Children over the age of ten will soon have their wishes given greater weight by the courts in family law cases, the Ministry of Justice (MoJ) has announced.
They will be able to tell judges directly how they feel about the family disputes they are involved in.
The announcement followed claims from the Family Justice Young People’s Board that children have been “pushed and pulled through the family justice system with little or no say on what happens to them” for too long. The Board was created by Cafcass to ensure the organisation remains focused on children and young people.
Simon Hughes, the Family Justice Minister, said it was about time that the law guaranteed children and young people the opportunity to “have their views heard before decisions are made about their future, and where decisions are made that will impact them.”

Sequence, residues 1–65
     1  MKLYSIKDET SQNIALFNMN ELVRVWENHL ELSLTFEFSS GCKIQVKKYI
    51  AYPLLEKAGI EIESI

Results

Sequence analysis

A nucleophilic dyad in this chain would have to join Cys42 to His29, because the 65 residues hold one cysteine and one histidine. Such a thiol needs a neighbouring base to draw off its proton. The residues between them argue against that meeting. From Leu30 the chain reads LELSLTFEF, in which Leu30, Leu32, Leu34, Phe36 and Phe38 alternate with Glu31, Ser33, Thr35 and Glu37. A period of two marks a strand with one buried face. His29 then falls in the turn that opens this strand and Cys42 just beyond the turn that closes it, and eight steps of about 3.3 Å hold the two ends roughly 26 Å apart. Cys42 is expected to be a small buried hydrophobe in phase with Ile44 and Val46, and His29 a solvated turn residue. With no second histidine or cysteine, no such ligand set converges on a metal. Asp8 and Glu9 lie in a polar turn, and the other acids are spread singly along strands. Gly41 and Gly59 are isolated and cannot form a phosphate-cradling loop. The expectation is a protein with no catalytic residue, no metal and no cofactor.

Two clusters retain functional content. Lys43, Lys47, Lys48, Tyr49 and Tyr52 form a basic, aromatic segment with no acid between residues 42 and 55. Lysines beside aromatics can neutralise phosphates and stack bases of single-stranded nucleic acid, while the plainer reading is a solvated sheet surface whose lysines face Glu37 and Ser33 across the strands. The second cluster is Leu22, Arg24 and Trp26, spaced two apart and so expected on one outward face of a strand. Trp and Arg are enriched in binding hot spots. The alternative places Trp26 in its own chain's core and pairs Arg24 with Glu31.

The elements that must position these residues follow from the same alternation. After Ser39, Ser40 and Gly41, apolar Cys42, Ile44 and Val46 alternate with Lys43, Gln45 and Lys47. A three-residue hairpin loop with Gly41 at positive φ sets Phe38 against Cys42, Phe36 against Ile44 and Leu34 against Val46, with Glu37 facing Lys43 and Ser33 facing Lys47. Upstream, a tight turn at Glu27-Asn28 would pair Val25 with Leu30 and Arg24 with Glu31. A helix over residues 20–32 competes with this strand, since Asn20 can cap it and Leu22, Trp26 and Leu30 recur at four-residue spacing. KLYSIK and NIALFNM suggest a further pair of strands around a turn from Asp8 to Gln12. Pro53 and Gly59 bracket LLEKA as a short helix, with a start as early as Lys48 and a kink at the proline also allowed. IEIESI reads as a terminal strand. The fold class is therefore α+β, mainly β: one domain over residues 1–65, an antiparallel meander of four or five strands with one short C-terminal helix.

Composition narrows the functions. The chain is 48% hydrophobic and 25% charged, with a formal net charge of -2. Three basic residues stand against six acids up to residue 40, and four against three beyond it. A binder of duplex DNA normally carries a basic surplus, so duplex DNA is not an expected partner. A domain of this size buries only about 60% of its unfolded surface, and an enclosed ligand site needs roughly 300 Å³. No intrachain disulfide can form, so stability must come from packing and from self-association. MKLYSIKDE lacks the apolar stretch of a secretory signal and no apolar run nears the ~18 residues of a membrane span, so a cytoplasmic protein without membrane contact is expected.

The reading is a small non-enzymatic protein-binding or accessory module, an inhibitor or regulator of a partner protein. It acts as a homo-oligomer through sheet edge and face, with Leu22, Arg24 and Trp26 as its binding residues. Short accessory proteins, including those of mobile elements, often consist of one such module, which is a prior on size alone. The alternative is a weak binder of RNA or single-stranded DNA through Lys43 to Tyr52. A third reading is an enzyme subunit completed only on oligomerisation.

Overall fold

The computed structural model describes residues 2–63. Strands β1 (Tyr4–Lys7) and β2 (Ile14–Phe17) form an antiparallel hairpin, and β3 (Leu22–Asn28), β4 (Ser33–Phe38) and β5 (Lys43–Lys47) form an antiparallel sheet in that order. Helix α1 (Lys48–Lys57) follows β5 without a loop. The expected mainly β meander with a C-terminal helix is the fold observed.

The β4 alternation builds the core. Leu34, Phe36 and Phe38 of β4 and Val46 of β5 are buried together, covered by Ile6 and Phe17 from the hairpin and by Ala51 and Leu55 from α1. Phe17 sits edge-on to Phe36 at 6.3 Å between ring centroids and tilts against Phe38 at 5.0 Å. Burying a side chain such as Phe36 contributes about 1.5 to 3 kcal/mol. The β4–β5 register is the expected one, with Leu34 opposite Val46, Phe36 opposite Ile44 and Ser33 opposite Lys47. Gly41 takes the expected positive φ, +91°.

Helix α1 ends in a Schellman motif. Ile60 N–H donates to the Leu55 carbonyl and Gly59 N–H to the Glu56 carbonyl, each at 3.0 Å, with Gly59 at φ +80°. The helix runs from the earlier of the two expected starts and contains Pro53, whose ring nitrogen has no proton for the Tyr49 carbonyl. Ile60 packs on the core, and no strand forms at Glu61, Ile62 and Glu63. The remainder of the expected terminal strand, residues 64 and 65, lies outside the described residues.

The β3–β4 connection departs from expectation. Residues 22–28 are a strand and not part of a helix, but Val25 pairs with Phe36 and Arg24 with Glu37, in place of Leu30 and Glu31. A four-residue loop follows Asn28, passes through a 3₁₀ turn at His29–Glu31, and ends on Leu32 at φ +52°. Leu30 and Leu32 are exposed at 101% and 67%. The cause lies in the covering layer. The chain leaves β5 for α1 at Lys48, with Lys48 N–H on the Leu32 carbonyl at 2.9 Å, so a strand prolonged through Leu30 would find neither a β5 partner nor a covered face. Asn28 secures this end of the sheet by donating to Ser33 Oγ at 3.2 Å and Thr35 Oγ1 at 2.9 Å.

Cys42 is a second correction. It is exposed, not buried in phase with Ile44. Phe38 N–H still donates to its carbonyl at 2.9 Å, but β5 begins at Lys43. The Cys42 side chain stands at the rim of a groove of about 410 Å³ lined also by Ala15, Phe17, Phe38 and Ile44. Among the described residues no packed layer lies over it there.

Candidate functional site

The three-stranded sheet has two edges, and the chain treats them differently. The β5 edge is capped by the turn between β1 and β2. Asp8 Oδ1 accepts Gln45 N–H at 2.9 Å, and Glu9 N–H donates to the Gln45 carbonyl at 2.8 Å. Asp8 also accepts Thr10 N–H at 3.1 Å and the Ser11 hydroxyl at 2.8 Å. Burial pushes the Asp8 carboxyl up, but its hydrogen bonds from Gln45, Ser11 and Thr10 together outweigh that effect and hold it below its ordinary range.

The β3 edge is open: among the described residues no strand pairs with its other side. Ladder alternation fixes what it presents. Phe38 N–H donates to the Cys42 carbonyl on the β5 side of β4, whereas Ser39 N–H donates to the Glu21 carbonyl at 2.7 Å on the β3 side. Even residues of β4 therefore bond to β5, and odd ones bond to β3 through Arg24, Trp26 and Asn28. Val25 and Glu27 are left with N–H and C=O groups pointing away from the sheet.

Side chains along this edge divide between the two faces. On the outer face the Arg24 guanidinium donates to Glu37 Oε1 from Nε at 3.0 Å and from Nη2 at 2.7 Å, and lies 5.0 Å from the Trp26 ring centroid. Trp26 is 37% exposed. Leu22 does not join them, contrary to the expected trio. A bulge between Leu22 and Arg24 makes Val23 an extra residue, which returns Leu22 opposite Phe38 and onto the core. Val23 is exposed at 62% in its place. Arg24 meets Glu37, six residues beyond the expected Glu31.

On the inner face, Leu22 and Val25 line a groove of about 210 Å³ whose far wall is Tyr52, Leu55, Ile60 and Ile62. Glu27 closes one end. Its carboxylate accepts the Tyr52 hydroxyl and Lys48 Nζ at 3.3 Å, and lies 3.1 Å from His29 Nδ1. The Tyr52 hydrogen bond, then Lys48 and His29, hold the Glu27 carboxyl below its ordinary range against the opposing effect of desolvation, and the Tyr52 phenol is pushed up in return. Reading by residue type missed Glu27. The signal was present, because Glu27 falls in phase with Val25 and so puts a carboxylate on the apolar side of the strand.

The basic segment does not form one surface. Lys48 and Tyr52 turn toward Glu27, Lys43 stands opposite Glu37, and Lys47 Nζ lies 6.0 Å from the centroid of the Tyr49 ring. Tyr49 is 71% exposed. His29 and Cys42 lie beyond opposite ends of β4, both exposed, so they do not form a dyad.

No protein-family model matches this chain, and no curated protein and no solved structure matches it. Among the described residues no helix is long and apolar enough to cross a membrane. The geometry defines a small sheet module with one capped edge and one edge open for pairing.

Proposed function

He added that, currently, the views of young people are often not heard in family law cases.
Hughes also announced that the changes will include increased access to mediation in cases that affect children.
The news was welcomed by mediation providers. Jane Robey, chief executive of National Family Mediation (NFM) said a child’s presence in divorce cases can often “shift parents’ attention away from bitterness they feel about each other”. She added that young people’s impact on family law proceedings “can literally be life-changing”.
Children will be allowed to participate in both private and public law cases. The changes will be implemented “as soon as is practically possible”.